Left panels, cDNA samples from six control lymphocyte samples were subjected to quantitative RT–PCR analysis to observe the variations in basal expression levels of VAV1 (top panel) and RASGRF2 (bottom panel) genes and to obtain the average expression values for each gene (which were given an arbitrary value of 1) to be used as reference in the subsequent RT–PCR experiments with tumor samples. Right panels, expression levels of VAV1 (top panel) and RASGRF2 (lower panel) mRNAs in lymphoma/leukemias (samples 7–48) of the indicated clinical stages by RT–PCR. The horizontal lane represents the mean value of the control samples. P values in this figure were estimated by comparing the groups of healthy and tumor samples. a.u., arbitrary units.

Figure 6. Examples of patient subgroups showing reduced expression levels of VAV1 (A) and RASGRF2 (B) genes.

Graphs show the variation in expression of those genes in samples obtained from patients in non–characterized tumors (NC) (A), B–cell non–Hodgkin’s lymphoma (BNHL) (A), chronic lymphocytic leukemia (CLL) (B), diffuse large B–cell lymphoma (DBL) (A), B–cell acute lymphoblastic leukemia (B, upper panel) and acute lymphoblastic leukemia (B, lower panel). Outlier groups were identified as indicated in Materials and Methods. The respective CODA scores of each hit are indicated within each panel. The percentile of tumors showing the significant outlier values for the indicated gene is indicated on the right. See Tables 2 and 3 for further details. a.u., arbitrary units.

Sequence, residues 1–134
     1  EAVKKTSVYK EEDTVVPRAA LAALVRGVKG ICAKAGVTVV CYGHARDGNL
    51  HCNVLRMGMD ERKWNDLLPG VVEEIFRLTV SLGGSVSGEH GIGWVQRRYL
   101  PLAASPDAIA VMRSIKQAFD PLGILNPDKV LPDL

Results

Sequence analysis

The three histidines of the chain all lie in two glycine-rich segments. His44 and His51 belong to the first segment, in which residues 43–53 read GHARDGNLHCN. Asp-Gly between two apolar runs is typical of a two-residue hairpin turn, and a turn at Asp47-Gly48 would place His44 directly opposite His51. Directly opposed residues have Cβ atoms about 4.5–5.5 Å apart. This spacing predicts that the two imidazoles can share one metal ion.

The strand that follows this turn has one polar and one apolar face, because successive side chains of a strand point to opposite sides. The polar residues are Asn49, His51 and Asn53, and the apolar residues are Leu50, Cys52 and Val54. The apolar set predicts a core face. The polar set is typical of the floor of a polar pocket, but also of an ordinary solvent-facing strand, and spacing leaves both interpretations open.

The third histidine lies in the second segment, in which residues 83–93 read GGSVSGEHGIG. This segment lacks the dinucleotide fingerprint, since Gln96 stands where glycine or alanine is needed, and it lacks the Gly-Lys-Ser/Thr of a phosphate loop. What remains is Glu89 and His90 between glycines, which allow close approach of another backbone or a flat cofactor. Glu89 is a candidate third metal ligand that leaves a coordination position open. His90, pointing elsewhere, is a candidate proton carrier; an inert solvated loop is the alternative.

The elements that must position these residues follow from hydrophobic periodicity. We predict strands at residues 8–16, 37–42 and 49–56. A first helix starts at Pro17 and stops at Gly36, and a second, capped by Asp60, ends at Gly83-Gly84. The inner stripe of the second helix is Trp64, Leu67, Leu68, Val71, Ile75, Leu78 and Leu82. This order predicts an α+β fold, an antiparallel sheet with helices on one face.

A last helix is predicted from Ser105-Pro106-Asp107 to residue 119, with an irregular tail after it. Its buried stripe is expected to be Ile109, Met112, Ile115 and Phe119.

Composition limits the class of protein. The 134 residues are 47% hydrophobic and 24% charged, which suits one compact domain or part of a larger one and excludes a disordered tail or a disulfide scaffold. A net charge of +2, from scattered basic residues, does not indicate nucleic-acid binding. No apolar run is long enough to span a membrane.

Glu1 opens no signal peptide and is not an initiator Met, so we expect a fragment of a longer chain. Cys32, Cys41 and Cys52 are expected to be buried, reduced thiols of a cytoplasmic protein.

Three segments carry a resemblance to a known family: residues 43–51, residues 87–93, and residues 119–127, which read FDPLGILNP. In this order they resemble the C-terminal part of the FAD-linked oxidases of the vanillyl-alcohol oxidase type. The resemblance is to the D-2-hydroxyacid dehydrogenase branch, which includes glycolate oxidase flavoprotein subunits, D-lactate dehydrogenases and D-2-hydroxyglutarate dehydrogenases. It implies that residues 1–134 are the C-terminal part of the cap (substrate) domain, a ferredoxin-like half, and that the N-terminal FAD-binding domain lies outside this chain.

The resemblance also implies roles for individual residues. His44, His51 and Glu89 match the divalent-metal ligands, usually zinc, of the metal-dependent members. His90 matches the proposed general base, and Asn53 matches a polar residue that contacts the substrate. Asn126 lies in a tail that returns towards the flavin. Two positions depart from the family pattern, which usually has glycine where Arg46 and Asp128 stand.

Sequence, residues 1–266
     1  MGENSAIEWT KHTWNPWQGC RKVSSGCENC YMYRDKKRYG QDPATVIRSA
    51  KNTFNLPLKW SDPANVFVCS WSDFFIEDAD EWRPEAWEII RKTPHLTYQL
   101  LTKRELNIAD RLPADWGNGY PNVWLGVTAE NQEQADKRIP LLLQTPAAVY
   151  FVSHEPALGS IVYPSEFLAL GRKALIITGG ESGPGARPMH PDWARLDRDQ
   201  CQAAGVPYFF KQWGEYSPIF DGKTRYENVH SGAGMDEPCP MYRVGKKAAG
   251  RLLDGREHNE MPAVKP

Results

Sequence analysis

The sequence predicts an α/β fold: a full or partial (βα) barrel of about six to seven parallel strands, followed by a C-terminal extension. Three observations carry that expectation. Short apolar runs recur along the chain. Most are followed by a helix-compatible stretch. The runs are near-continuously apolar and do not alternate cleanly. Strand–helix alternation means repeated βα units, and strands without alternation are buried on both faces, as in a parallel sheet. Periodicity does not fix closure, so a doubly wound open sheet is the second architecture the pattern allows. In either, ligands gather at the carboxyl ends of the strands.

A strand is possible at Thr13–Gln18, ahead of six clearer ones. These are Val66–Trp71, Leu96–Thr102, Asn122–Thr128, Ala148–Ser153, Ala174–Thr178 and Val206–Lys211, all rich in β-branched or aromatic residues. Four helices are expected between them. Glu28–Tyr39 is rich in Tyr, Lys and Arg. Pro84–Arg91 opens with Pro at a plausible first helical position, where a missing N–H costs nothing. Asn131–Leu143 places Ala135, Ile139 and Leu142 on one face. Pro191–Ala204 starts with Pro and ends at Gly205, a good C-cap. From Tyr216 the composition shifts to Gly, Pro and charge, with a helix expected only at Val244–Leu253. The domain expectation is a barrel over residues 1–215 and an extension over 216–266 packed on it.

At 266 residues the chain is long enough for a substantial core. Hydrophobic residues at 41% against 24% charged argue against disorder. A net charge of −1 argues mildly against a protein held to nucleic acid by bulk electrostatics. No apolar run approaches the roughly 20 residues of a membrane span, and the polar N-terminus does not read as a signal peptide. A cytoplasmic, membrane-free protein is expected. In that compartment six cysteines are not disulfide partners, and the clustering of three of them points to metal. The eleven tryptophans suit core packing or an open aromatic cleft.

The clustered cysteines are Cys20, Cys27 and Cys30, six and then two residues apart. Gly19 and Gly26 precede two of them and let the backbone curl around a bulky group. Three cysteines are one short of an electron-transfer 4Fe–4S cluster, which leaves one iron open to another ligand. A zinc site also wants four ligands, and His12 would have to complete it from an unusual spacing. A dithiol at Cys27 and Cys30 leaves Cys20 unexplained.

Table 1. Variation in the expression levels of the VAV1 mRNA between normal and tumor cells.

Table 2. Outlier analysis of the expression of the VAV1 mRNA in hematopoietic tumors.

Table 3. Outlier analysis of the expression of the RASGRF2 mRNA in hematopoietic tumors.


We have shown in this report that the double Vav1/Rasgrf2 gene deficiency favors the development and progression of lymphoblastic lymphoma–like tumors in mice. These tumors could be classified in two different subsets in function of their level of dissemination within the affected animal. A first subset was characterized by its exclusive intrathymic localization. The second subset showed that localization and, in addition, massive infiltrations in extra–thymic hematopoietic–tissues and non–hematopoietic tissues. This latter tumor subset was more aggressive in nature, leading to elevated mortality rates in the affected mice. Notwithstanding these differences in localization and lethality, we observed that these two tumor subsets shared many common biological features, including the expression of CD3 molecules, the heteroclite expression of CD4 and CD8 surface markers, the upregulation of proteins generally involved in proliferation (PCNA) and the lack of expression of TCR–induced markers (i.e., CD69). It is likely therefore that these two pathological subsets correspond to two different stages in lymphoma progression. For the sake of simplicity, we will refer to these two populations hereafter as “thymus–localized” and “widespread” lymphomas.